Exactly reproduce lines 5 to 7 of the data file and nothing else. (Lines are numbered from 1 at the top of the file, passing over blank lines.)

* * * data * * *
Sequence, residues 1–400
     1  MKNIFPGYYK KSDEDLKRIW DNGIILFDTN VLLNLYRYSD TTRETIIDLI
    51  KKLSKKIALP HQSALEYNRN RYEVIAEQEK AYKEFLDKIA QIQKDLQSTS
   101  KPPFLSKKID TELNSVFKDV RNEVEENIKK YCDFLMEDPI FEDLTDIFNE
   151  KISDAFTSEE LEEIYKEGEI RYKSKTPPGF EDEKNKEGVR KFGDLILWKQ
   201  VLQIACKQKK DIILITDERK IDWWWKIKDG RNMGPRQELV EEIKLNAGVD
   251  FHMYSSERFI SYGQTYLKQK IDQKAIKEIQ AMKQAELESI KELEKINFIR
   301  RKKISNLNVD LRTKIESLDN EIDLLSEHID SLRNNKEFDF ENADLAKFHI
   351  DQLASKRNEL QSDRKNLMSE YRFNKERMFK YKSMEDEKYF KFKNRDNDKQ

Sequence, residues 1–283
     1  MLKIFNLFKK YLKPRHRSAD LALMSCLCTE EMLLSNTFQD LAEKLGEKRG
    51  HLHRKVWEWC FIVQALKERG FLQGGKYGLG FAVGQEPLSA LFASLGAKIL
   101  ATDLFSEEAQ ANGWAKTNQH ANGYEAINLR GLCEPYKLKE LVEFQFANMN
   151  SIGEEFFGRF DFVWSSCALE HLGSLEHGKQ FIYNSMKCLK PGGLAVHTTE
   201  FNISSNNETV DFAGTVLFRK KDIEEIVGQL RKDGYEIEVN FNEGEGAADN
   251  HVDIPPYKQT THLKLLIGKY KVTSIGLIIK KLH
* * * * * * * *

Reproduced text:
   151  KISDAFTSEE LEEIYKEGEI RYKSKTPPGF EDEKNKEGVR KFGDLILWKQ
   201  VLQIACKQKK DIILITDERK IDWWWKIKDG RNMGPRQELV EEIKLNAGVD
   251  FHMYSSERFI SYGQTYLKQK IDQKAIKEIQ AMKQAELESI KELEKINFIR